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Economy in Brief

U.S. Payroll Employment Growth Improves in 2014; Unemployment Rate Falls to 2008 Low
by Tom Moeller  January 9, 2015

The job market remains firm. Nonfarm payroll jobs grew 2.527 million (1.9%) last year, the strongest increase since 2000. Moreover, the 252,000 rise during December (2.1% y/y) followed upwardly revised gains of 353,000 and 261,000 during the prior two months, earlier reported as 321,000 and 243,000. A 243,000 increase had been expected in the Action Economics Forecast Survey. Firm job gains were logged across sectors, but construction's 48,000 increase (4.9% y/y) was the largest monthly gain since January of last year. The unemployment rate declined to 5.6%, the lowest point since June 2008. A 5.8% rate had been expected. The overall unemployment rate including marginally attached and part time workers for economic reasons fell to 11.2%.

From the payroll employment survey, employment increased 252,000 last month. The construction sector's strong rise of 48,000 was accompanied by a 17,000 increase in the factory sector, below the pace of the prior two months. The service sector produced a lessened 173,000 employment gain last month, but for the year the 2.2% increase was the third such gain in a row, the strongest performance since the late-1990s. Professional & business services employment improved 52,000 (3.9% y/y), including a 14,700 rise (7.8% y/y) in temporary employment. Jobs in health care & social assistance gained 43,700 (2.4% y/y). Leisure & hospitality employment advanced 36,000 (2.9% y/y) and financial sector payrolls grew 10,000 (1.9% y/y). Job gains were rounded out by a 10,000 rise (1.9% y/y) in wholesale trade and a 7,700 increase (1.6% y/y) in retail trade, which was by far the weakest gain since a decline in August. Jobs in the government sector grew 12,000 (0.4% y/y) led by a 7,000 increase (0.4% y/y) in state government. Local government jobs rose 4,000 (0.6% y/y) and federal government employment ticked up 1,000 (-0.6% y/y).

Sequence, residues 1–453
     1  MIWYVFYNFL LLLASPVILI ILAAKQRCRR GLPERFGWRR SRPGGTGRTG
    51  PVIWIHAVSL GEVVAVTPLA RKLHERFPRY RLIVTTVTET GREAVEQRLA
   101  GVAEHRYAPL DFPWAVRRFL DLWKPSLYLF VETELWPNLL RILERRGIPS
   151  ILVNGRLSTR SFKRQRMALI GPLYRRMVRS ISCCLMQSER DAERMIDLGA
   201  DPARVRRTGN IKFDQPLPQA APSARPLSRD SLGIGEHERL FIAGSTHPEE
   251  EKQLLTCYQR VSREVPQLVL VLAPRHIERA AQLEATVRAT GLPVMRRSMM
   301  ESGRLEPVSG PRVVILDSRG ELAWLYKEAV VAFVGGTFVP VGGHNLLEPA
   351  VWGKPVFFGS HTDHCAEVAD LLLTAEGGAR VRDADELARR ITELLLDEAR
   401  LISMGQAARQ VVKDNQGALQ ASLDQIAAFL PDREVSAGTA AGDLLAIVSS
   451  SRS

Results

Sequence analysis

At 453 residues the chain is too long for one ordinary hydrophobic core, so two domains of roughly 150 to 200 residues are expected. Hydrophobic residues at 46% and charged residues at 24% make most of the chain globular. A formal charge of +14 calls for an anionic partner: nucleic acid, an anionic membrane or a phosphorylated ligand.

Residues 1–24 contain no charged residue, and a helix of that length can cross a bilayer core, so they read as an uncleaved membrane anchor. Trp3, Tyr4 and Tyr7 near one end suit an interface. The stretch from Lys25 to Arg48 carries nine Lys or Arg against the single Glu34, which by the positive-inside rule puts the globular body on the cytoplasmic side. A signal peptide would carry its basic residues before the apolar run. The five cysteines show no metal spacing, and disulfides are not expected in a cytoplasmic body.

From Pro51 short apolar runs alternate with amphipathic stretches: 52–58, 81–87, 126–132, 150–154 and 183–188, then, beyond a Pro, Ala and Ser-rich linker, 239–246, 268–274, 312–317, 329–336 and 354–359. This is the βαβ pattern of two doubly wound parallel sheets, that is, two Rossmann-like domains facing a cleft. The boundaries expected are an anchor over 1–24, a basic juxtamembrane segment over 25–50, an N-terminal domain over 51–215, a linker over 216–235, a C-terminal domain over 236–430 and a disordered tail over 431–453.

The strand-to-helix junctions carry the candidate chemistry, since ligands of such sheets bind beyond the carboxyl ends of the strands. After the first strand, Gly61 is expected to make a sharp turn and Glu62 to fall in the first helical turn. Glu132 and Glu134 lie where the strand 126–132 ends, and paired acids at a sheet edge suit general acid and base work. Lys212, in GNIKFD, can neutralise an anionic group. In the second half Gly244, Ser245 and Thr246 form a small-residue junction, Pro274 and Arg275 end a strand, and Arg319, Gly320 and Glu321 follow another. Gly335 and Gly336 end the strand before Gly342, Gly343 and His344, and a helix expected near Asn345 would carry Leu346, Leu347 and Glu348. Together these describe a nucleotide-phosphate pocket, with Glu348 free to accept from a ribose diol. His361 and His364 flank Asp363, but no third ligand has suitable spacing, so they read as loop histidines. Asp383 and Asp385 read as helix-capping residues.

Employment growth remained fairly diffused last month with 63.6% of industries increasing jobs, though that was down from the November peak of 69.7%. During the last three months, 73.7% of industries raised job levels. Factory sector employment was raised in 58.0% industries and by 70.4% during the last three months.

The length of the average workweek held at its recovery high of 34.6 hours. The factory sector workweek dipped to 41.0 hours but the construction workweek improved to a record 39.4 hours. The private services workweek held for the fourth month at 33.4 hours. The index of aggregate hours worked (employment times hours) rose 0.9% (2.8% y/y) in the fourth quarter. During the last ten years, there has been a 69% correlation between the change in hours worked and the change in real GDP.

Average hourly earnings declined 0.2% (+1.7% y/y), reversing November's rise. Manufacturing sector earnings were off 0.2% (+1.3% y/y). Private service sector earnings also fell 0.2% (+1.7% y/y) while earnings in the information sector slipped 0.1% (+2.7% y/y). Financial sector earnings declined 0.2% (+2.1% y/y).

From the household employment survey, the unemployment rate's decline to 5.6% reflected an employment rise of 111,000 (1.9% y/y) and a labor force decline of 273,000 (+0.7% y/y). The labor force participation rate returned to 62.7%, the lowest level since 1977, reversing a rise to 67.1% averaged in the late-1990s. The civilian population grew a modest 0.9% last year, about the same as in 2013.

The average duration of unemployment was fairly steady m/m at 32.8 weeks, though that was down from 39.4 weeks in 2012. Long-term unemployment declined as 21.4% of those unemployed were out of work for more than 52 weeks, down from 31.4% in 2011.

By educational attainment, the unemployment rate for those with less than a high school diploma was 8.6%. For those with a diploma but no college, it was 5.3%. For high school graduates with less than bachelor's degree, it was 4.9% and for those with a bachelor's degree or higher, it was 2.9%.

The figures referenced above are available in Haver's USECON database. Additional detail can be found in the LABOR and in the EMPL databases. The expectation figures are from Action Economics and are in the AS1REPNA database.

Declining Labor Force Participation and Its Implications for Unemployment and Employment Growth from the Federal Reserve Bank of Chicago can be found here.

Employment: (M/M Chg., 000s) Dec Nov Oct Y/Y 2014 2013 2012
Payroll Employment 252 353 261 2.1% 1.9% 1.7% 1.7%
 Previous -- 321 243 -- -- -- --
 Manufacturing 17 29 24 1.5 1.1 0.7 1.7
 Construction 48 20 16 4.9 3.6 3.3 2.1
 Private Service Producing 173 294 213 2.4 2.2 2.2 2.2
 Government 12 8 6 0.4 0.2 -0.3 -0.8
Average Weekly Hours - Private Sector 34.6 34.6 34.5 34.3
34.5 34.5 34.4
Private Sector Average Hourly Earnings (%) -0.2 0.2 0.1 1.7 2.0 2.1 1.9
Unemployment Rate (%) 5.6 5.8 5.7 6.7
6.1 7.4 8.1
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